Finding new combination therapies for neuroblastoma
A phase 2 clinical trial has found that combining a novel compound called alisertib with chemotherapy has anti-tumor activity in children with high-risk, relapsed neuroblastoma. The New Approaches to Neuroblastoma Therapy (NANT) consortium study was led by Araz Marachelian, MD, MS, of the Children's Center for Cancer and Blood Diseases at Children's Hospital Los Angeles and Steven G. DuBois, MD, of the Dana-Farber Cancer Institute. Results were recently published online in the journal Clinical Cancer Research.
In the multicenter trial, alisertib was combined with two common chemotherapy agents: irinotecan and temozolomide. Alisertib is an experimental compound that targets and inhibits a particular enzyme—called an Aurora A kinase—which neuroblastoma tumors often use to grow.
Neuroblastoma is the second most common solid tumor in children (after brain tumors). The cancer arises in immature nerve cells called neuroblasts, and it typically affects children ages 5 or younger. Nearly half of patients are diagnosed with high-risk, metastatic disease, which has a 50 percent mortality rate.
The NANT study—a follow-up to an earlier phase 1 trial—evaluated the combination therapy in a group of 20 patients with high-risk neuroblastoma that had relapsed or had not responded to standard treatment. Of those patients, 21 percent had an objective response rate, showing significant improvement in all cancer sites in their body. One-year progression-free survival was 34 percent.
"For relapsed neuroblastoma, those are good results," says Marachelian, clinical director of the Neuroblastoma Program at CHLA and medical director of the NANT consortium, which is headquartered at CHLA. "This study shows that inhibiting the aurora kinase pathway has a potential role in treating advanced neuroblastoma, and it helped us understand more about the anti-tumor activity and toxicity of this combination."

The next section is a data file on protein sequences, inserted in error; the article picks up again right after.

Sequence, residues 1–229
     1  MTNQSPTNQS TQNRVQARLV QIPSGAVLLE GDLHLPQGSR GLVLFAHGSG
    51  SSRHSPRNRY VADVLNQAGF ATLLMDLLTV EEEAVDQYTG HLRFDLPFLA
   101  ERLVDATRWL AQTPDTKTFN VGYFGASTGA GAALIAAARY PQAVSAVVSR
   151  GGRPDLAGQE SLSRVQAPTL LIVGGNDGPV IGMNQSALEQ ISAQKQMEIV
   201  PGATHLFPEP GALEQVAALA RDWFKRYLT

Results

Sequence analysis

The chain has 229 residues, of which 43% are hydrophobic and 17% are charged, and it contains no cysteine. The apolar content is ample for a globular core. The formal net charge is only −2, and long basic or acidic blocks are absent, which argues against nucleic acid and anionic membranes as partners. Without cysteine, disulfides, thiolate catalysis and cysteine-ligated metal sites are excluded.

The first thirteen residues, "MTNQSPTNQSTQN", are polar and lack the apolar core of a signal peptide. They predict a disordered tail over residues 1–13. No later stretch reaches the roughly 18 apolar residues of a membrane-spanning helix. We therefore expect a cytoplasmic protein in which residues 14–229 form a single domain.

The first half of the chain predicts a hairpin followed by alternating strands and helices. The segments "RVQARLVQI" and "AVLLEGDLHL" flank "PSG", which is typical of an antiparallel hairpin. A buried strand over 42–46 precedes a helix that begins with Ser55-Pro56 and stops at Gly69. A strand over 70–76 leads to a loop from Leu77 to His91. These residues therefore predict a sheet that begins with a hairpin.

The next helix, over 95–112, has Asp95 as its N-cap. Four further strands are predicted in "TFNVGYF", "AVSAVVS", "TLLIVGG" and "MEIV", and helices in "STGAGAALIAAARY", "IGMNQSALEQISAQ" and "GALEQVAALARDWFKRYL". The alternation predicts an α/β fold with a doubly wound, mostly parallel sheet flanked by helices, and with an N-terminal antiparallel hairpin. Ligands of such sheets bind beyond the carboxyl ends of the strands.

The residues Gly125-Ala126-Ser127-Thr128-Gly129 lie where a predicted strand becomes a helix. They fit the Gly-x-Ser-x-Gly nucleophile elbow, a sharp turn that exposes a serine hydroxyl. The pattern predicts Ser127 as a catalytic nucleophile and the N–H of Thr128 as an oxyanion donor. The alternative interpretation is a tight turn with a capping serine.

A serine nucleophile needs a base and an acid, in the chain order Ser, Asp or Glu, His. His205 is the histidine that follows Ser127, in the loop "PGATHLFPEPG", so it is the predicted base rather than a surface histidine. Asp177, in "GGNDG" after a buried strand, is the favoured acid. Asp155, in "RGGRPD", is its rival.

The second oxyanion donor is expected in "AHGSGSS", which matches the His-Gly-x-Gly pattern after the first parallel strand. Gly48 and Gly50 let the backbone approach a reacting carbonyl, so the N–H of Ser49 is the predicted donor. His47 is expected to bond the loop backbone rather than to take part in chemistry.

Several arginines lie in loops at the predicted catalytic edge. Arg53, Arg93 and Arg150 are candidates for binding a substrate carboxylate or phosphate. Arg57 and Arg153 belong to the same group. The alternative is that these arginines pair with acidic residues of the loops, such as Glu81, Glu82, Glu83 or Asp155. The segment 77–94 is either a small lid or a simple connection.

Researchers had been hoping that the therapy would be particularly effective for children whose tumors have a gene called MYCN that is over-expressed, or "amplified." Aurora kinases stabilize a key protein in MYCN, so researchers had aimed to disrupt that protein with alisertib—and potentially increase treatment effectiveness. MYCN amplification occurs in about 25 percent of neuroblastoma patients, and it is associated with more aggressive disease and poorer outcomes.
"What we found, though, was that the treatment actually worked better for kids whose tumors did not have MYCN amplification," says Marachelian, an assistant professor of Pediatrics at the Keck School of Medicine at the University of Southern California. "Both groups could still benefit from this therapy, but we clearly have more work to do in targeting this pathway."
In addition, the trial was the first to evaluate a liquid form of alisertib in children. A separate group of 12 patients in the study received this oral solution as part of the combination therapy, instead of a tablet form of the drug.
"Neuroblastoma affects toddlers and young children, and many of these kids aren't able to swallow pills," she adds. "An oral solution expands the number of patients able to receive this treatment, and the study enabled us to identify a dosing regimen."
Researchers plan to continue to target the aurora kinase pathway in neuroblastoma studies. NANT, a group of 14 North American pediatric cancer centers, is the only consortium in the world solely dedicated to developing novel treatments and biomarkers through early clinical trials for neuroblastoma.